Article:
The Big Sky firefighters dispatched to California two weeks ago are still battling the 60-percent contained Thomas Fire. Big Sky Fire Department (BSFD) Chief William Farhat said he’s in constant contact with his team, and that he hopes they’ll be coming home before Christmas.
In his 20 years of ski patrolling at Big Sky Resort and skiing in the backcountry, Tom Thorn has seen his fair share of avalanches. But one harrowing event remains fresh in his memory—when his partner was fully buried in a massive slide while doing avalanche control at Big Sky Resort in December 2003.
Just after the Gallatin County Commission shot down his planned commercial subdivision, Realtor and Developer Scott Altman buried his frustration under a friendly smile. The project included as many as 40, four-bedroom units.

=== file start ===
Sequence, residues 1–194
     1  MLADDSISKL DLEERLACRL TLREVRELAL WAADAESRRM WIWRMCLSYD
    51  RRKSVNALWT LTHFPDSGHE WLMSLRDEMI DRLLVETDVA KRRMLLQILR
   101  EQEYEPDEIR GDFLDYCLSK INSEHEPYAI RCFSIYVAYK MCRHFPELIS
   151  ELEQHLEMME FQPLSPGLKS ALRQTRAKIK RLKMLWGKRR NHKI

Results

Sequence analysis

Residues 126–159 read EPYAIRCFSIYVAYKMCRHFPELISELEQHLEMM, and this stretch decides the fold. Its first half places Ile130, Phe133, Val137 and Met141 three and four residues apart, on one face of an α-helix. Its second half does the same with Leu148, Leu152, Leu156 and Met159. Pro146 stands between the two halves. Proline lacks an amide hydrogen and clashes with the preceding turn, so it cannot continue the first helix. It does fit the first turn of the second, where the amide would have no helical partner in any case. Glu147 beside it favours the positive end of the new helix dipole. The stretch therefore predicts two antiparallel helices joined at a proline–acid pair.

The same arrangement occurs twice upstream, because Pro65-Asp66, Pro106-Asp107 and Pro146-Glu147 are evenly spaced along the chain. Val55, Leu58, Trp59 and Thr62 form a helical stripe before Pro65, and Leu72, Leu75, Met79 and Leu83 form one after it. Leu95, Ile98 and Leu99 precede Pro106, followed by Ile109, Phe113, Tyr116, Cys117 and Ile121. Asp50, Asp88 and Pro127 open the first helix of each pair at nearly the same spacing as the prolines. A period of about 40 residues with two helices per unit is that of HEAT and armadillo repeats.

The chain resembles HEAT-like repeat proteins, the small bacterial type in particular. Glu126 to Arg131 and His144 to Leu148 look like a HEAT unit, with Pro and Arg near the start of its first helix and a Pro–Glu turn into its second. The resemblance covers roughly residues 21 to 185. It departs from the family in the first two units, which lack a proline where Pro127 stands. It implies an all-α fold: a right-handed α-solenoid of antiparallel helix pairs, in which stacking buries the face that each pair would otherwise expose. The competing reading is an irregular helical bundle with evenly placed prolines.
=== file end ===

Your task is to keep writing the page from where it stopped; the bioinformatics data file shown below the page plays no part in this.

When you hurt yourself on the job, you become a statistic that’s eventually crunched and analyzed by the Montana Department of Labor and Industry, Employment Relations Division. A team of research analysists pour over the numbers and provide a glimpse into how often Montanans hurt themselves on the job.
Lounging on a turquoise sofa in the Warren Miller Performing Arts Center greenroom, WMPAC Director John Zirkle takes some time to reflect upon the seasons that have come and gone, looking forward to the next one just around the corner.
When the Big Sky Fire Department (BSFD) received a formal request from the state of Montana on Wednesday, Dec. 6 to head to California to battle the fires raging there, they didn’t waste any time. By 5 p.m.
For the nearly 30 students in Megan Buecking’s 6th grade art class, creating ceramic Christmas ornaments is about much more than celebrating the holiday. Their artwork eventually enables disabled kids in Mexico to regain their mobility.
Kevin Kelleher remembers the eureka moment coming while setting up a shuttle for a whitewater run down the Lower Selway River in Idaho.
On a table in the kitchen at Buck’s T4 is a device that looks like something you might find in a chemistry lab at Montana State University. It’s called a sous vide and it’s a short, boxy device with a winding tube and panel of buttons.